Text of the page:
One-time authentication benchmark

Poly1305 benchmark

This is benchmarking the Poly1305 function. This is simple arithmetic using 64-bit registers. Multi-pass compilers seem to apply the same optimizations; so do single-pass compilers.

Password hashing benchmark

Password hashing benchmark

Password hashing functions rely on memory reads and writes in unpredictable locations. There’s probably not much to optimize beyond what the C compiler already did.

Diffie-Hellman benchmark

Diffie-Hellman benchmark

Arithmetic over finite fields. Optimization opportunities include usage of ADCX/ADOX for carry propagation.

Overall, all runtimes perform quite well, with the exception of Wazero, which is significantly slower than Wasmer with the singlepass backend.

Secretbox benchmark

Secretbox benchmark

Here, we benchmark authenticated encryption using salsa20, chacha20 and poly1305. Simple arithmetic on things that mostly fit on 32-bit and 64-bit registers.

Keygen benchmark

Keygen benchmark

These tests are all about randomness extraction. There’s not much to optimize here. The tests mainly measure the overhead of WASI calls to get random bytes, and, very likely, the over of WASI calls in general.

The difference between node and bun is expected, as node has native support for WASI, while bun requires the wasmer.js emulation layer. It shouldn’t take long for bun to also include native WASI support, which should bring it in the same ballpark as other runtimes.

wasmedge, however, doesn’t have the WASI emulation excuse. Calling external functions in wasmedge may have more overhead than with other runtimes.

Signature benchmark

Signature benchmark

Arithmetic over elliptic curves, triggering common optimization passes, and making very few WASI syscalls. Here, wasmedge, also based on LLVM manages to be faster than wasmer with the LLVM backend.

Utilities benchmark

Utilities benchmark

Codecs, comparisons functions, and other simple helper functions, designed to intentionally prevent compiler optimizations, as a best effort to make them constant-time.

As expected, performance is very similar across runtimes.

Stream ciphers benchmark

Stream ciphers benchmark

Salsa20 and Chacha20 stream ciphers, so, mostly bitwise arithmetic involving vectors of 32-bit values. There are opportunities for auto-vectorization, but this is not trivial.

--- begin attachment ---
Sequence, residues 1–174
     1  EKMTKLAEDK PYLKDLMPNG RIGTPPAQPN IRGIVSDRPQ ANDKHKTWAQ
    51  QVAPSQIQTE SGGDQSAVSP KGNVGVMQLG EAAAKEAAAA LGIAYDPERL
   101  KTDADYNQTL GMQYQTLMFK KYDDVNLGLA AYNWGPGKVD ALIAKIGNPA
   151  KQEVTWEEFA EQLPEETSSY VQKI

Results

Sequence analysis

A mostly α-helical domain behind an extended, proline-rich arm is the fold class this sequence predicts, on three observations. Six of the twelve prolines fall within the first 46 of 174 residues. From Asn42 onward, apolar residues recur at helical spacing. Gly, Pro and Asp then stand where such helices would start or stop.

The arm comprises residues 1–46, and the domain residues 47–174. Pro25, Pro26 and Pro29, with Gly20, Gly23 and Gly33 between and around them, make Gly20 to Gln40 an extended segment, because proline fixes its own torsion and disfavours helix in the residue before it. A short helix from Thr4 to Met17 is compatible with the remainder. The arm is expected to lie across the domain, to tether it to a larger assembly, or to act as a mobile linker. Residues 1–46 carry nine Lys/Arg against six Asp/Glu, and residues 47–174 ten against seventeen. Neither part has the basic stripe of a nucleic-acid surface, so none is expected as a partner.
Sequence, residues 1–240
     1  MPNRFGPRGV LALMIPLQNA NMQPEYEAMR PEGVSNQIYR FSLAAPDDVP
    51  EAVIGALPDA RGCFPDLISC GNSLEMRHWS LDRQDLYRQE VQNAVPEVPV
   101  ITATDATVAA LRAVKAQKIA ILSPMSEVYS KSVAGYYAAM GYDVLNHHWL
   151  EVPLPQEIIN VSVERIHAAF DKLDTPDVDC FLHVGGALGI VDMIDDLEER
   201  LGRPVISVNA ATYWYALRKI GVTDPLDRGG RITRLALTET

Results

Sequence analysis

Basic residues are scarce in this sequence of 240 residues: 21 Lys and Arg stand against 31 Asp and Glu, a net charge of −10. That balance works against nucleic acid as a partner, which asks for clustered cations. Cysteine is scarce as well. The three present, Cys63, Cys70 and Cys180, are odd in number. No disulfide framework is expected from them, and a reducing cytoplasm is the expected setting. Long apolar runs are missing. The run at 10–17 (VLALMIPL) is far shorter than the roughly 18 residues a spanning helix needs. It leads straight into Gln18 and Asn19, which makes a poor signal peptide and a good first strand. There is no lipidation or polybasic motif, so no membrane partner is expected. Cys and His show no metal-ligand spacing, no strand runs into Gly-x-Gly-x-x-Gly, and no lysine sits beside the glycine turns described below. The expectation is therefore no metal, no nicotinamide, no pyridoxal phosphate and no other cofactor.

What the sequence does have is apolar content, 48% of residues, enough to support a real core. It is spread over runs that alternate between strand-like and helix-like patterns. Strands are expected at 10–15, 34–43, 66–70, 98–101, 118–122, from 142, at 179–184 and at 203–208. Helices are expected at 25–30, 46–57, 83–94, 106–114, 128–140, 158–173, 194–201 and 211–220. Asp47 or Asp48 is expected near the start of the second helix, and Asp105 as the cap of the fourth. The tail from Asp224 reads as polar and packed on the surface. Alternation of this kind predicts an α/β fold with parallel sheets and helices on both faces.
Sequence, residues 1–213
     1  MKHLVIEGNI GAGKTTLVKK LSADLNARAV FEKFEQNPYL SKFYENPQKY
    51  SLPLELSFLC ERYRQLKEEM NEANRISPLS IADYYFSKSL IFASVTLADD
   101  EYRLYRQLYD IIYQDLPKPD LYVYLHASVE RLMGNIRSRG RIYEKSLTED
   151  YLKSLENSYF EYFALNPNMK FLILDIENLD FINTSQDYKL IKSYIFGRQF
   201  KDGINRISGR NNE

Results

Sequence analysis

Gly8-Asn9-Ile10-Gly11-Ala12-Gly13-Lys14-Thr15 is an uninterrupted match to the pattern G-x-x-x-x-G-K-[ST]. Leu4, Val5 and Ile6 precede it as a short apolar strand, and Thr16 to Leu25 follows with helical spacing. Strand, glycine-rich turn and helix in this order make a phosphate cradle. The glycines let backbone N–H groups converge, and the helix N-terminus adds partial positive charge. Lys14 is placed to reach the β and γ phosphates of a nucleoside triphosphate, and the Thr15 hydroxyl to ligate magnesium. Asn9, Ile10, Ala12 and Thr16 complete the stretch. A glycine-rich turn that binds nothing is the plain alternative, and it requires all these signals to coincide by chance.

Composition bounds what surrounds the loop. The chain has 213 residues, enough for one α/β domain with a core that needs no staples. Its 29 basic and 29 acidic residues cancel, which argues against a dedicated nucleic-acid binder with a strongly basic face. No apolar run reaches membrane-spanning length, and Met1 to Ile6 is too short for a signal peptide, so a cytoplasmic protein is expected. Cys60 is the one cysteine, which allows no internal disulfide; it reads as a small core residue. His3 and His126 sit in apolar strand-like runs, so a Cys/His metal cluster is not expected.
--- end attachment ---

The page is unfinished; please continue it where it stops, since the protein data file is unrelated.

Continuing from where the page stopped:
Performance is very similar, with the exception of single-pass compilers.

Cumulative benchmark

Cumulative benchmark

iwasm, wasmer (LLVM backend) and wasmedge are all using LLVM for code generation. Intuitively, one may expect very similar performance. But this is not the case.

But iwasm, a newcomer in this benchmark (at least in AOT mode), was consistently the fastest runtime. This is a pleasant surprise. Its performance is likely to be similar to wavm, that it can be considered as replacement for.

That being said, wasmer is very close.

In the LLVM category, I was expecting wasmedge to take the lead given how much performance-focused the project has been since the beginning. Its results were a little bit disappointing. V8 (represented by node) is about as fast.

On the other hand, runtimes using cranelift for code generation (wasmer with that backend, and wasmtime) perform virtually the same.

Zooming out a little bit, what is really impressive is how close the LLVM-based results and the cranelift-based results are.

That’s right. The cranelift code generator has become as fast as LLVM. This is extremely impressive considering the fact that cranelift is a relatively young project, written from scratch by a very small (but obviously very talented) team.

The JavaScriptCore engine, represented by bun, was disappointing. As a JavaScript engine, it is blazing fast. As a WebAssembly engine, not so much yet. Some of these results can be explained by the lack of a native WASI implementation, but there’s probably more room for optimization.

wasmer with the singlepass backend and wazero have in common that they compile very quickly, in a streaming fashion. This is a critical property for some applications involving untrusted inputs.

The flipside is that expensive optimizations cannot be done. This is an inevitable tradeoff.

wazero’s results are not great yet. But with its seamless integration with the Go language involves additional constraints, especially on Intel CPUs that have a limited number of registers. wazero may perform much better on ARM CPUs, and this is something that we will measure soon.

In any case, the wazero team is taking performance very seriously, and already started investigating these results.

Comparison against native code

Native benchmark

How does WebAssembly compare against native code?

The chart above represents the ratio between the time taken to run individual tests with the fastest WebAssembly runtime, and the same tests with the library compiled as native code, with architecture-specific optimizations.

Two outliers have been hidden: the aegis128l and aegis256 tests. Native code takes advantage of native CPU instructions to compute AES rounds. WebAssembly, on the other hand, cannot take advantage of these instructions and has to fall back to slow, software implementations.

As a result, these AES-based tests were 80 times slower than native code when running WebAssembly. This is not representative of most applications. However, it highlights a real limitation of WebAssembly for cryptographic operations relying on AES.